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Telli O et al, 2017: What happens to asymptomatic lower pole kidney stones smaller than 10 mm in children during watchful waiting?

Telli O, Hamidi N, Bagci U, Demirbas A, Hascicek AM, Soygur T, Burgu B.
Department of Pediatric Urology, School of Medicine, Ankara University, Sihhiye, Ankara, 06100, Turkey.
Department of Urology, School of Medicine, Ankara University, Ankara, Turkey.
Urology Clinic, Ankara Training and Research Hospital, Ankara, Turkey.

Abstract

BACKGROUND: The optimal management of lower pole kidney (LPK) stones in children is controversial. The aim of this study was to determine the outcomes of children with asymptomatic isolated LPK stones smaller than 10 mm during follow-up.
METHODS: A total of 242 patients with 284 stones presenting at our institution between June 2004 and December 2014 with an asymptomatic, single LPK stone with a diameter of RESULTS: The mean age and mean stone size were 9.4 ± 1.9 years and 7.4 ± 0.6 mm at admission, respectively. Stone progression rate was 61.2%, and the mean time for intervention was 19.2 ± 4.6 months. Flexible ureterorenoscopy (n = 68) or micro-percutaneous nephrolithotomy (n = 4) were performed for 72 stones (25.4%; group 1), and extracorporeal shock wave lithotripsy was performed for 102 stones (35.9%; group 2). The stone-free rates were 81.8 and 79.3% in group 1 and 2, respectively (p > 0.05). The remaining asymptomatic stones (110, 38.8%; group 3) were managed by continued observation, and at the end of the observation time (mean 40.8 ± 20.8 months) the spontaneous passage rate was 9.1% in this group. In the multivariate analysis, stone size of >7 mm, concurrent renal anomalies, and stones composed of magnesium ammonium phosphate (struvite) and cystine were statistically significant predictors of the need for intervention.
CONCLUSIONS: Children with stones larger than 7 mm, renal anomalies, or stones composed of metabolically active cystine or struvite are more likely to require intervention, and those with asymptomatic LPK stones smaller than 10 mm can be managed by continued observation.

Pediatr Nephrol. 2017 Jan 9. doi: 10.1007/s00467-016-3570-7. [Epub ahead of print]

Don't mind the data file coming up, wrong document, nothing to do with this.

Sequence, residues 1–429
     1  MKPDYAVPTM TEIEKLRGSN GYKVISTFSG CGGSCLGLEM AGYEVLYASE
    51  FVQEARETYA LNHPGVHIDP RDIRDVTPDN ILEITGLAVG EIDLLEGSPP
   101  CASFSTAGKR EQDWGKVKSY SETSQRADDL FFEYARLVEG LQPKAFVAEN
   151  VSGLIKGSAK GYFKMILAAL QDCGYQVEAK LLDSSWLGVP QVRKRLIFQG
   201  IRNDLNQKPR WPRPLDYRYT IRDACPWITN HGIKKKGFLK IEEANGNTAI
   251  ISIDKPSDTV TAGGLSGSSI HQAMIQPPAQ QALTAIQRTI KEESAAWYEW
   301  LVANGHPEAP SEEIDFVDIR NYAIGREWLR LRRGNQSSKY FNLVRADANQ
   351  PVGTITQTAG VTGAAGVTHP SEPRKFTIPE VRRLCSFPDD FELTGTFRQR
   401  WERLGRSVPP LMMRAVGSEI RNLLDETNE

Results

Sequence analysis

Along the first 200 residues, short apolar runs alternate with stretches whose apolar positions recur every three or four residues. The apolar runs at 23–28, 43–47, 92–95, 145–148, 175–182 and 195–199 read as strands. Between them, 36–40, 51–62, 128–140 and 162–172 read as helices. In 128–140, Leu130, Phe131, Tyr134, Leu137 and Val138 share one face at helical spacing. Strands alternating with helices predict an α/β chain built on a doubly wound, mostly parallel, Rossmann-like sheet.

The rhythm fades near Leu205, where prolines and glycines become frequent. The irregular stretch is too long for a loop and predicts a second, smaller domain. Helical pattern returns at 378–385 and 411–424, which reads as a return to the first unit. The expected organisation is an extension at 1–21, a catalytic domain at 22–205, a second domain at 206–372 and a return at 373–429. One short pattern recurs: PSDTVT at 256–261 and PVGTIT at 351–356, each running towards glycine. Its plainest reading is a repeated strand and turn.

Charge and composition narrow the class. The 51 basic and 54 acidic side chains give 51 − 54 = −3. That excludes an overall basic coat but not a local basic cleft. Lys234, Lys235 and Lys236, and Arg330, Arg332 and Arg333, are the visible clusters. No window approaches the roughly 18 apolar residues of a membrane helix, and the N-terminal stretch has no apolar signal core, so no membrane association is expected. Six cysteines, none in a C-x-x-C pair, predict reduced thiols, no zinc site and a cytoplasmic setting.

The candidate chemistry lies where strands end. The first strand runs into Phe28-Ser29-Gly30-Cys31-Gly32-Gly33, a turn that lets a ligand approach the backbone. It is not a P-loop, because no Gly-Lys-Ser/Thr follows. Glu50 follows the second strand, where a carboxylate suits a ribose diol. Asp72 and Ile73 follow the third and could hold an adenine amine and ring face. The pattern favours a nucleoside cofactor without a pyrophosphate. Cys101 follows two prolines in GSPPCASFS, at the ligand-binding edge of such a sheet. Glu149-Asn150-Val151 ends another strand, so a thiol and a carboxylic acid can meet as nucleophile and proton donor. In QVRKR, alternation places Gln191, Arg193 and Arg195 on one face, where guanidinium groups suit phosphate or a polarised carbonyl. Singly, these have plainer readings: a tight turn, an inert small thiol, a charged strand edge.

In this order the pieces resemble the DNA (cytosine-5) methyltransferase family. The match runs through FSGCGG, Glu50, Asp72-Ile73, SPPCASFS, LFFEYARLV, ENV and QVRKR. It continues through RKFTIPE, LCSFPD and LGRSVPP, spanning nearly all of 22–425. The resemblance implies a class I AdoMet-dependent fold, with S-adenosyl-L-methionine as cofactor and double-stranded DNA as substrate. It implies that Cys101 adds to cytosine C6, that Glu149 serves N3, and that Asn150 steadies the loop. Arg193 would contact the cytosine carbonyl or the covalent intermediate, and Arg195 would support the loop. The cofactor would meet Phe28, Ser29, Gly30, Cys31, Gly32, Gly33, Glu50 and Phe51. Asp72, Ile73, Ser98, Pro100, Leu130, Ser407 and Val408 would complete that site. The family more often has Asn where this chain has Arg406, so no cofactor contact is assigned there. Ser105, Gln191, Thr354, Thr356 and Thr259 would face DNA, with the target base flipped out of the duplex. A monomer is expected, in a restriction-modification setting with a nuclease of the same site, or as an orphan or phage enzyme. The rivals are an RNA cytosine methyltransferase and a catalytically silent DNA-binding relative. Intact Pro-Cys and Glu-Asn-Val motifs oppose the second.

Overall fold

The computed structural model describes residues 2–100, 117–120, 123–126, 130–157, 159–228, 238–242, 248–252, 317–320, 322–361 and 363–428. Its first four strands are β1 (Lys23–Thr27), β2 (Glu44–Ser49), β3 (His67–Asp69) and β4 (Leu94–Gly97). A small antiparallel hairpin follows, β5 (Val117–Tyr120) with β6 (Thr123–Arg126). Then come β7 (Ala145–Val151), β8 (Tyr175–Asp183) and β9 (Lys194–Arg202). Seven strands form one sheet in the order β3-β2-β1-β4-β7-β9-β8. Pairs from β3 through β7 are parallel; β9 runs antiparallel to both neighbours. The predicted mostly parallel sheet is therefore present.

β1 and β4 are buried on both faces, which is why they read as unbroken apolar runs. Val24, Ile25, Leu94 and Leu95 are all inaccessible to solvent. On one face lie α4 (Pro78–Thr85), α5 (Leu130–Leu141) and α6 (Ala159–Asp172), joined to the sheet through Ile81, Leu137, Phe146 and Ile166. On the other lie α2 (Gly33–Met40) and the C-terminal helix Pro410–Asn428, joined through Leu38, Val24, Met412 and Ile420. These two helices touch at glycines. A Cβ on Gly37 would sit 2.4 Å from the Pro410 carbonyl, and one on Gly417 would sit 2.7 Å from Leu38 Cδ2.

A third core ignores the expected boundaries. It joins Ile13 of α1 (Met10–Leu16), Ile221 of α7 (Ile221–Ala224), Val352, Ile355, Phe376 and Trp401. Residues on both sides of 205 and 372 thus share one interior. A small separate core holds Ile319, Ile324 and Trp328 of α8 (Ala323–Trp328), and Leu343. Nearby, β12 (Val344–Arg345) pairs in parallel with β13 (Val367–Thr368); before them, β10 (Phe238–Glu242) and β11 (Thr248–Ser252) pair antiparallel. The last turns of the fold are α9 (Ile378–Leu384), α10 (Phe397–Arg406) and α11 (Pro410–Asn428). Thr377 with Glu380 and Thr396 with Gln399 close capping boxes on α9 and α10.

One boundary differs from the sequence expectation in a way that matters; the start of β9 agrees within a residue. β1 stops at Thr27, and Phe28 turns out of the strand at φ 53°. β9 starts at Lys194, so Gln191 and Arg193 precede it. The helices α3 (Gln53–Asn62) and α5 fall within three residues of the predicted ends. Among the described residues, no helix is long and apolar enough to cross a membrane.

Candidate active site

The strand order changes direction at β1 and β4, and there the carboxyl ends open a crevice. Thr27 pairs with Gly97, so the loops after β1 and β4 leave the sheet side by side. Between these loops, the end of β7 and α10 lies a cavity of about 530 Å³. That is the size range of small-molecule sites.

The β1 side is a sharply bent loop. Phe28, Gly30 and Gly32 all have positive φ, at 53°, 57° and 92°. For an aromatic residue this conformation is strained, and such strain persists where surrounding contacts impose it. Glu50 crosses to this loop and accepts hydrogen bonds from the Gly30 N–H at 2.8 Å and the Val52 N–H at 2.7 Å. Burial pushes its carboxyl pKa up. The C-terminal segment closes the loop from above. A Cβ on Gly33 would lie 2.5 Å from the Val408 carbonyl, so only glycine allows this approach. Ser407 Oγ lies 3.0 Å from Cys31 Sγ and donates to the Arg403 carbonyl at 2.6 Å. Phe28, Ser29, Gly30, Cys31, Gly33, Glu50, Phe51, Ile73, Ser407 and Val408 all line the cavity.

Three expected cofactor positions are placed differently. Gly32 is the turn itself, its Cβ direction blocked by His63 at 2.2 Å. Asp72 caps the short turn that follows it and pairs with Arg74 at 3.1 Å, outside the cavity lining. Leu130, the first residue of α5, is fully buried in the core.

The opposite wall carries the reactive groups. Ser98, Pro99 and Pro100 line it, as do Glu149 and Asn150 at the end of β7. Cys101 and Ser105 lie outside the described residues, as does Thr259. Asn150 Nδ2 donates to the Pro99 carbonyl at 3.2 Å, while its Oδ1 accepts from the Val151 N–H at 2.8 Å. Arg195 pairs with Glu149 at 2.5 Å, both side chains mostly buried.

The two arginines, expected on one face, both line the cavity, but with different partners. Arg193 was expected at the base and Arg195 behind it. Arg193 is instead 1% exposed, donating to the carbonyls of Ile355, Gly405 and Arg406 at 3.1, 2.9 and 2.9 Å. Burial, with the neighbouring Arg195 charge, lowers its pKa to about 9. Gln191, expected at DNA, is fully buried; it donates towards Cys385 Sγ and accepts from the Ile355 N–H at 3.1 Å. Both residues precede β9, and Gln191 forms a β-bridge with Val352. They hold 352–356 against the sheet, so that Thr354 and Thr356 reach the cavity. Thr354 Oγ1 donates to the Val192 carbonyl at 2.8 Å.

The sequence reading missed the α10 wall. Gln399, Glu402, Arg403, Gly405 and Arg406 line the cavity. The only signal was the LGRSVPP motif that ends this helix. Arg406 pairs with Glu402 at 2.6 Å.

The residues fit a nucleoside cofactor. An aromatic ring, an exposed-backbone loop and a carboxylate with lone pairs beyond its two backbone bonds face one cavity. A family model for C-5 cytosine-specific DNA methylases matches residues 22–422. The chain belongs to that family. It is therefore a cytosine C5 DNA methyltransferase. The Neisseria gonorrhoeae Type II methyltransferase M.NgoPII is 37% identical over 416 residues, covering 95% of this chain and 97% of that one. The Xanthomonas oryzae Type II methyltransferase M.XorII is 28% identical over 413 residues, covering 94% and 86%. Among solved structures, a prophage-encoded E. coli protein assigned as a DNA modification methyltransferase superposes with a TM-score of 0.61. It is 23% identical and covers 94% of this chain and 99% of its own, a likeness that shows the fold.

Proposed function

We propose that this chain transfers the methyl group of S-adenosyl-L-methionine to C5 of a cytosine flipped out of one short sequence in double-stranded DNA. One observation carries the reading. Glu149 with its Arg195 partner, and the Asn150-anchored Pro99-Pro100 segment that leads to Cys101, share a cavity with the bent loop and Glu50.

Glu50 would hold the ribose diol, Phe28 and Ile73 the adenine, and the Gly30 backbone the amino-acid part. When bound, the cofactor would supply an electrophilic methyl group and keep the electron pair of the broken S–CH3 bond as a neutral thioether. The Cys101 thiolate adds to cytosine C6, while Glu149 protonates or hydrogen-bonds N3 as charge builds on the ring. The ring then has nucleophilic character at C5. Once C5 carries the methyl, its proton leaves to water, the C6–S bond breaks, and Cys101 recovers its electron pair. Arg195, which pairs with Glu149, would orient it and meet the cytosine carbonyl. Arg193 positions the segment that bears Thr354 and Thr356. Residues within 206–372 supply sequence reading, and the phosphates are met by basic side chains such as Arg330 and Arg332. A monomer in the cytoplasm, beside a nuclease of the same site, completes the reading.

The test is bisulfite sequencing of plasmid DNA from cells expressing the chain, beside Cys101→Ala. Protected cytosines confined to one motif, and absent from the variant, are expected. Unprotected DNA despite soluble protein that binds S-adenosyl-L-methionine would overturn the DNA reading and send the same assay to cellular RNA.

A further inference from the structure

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Comments 1

Peter Alken on Monday, 31 July 2017 07:49

Childhood urolithiasis is rare. The authors present a large number of 284 lower pole stones in 242 children seen within 10 years.
In all sections of the article the work up and the follow up of the cases is described in an almost textbook-like manner. Unfortunately the dropout rates are not given: “Although a large number of patients were enrolled in our study, the follow-up time was short because of the many patients who did not want to make regular visits to the clinic; this was especially true in the observation group.” Thus with a mean observation time of 40.8
± 20.8 months it is a little bit difficult to judge the conclusions.

Childhood urolithiasis is rare. The authors present a large number of 284 lower pole stones in 242 children seen within 10 years. In all sections of the article the work up and the follow up of the cases is described in an almost textbook-like manner. Unfortunately the dropout rates are not given: “Although a large number of patients were enrolled in our study, the follow-up time was short because of the many patients who did not want to make regular visits to the clinic; this was especially true in the observation group.” Thus with a mean observation time of 40.8 ± 20.8 months it is a little bit difficult to judge the conclusions.
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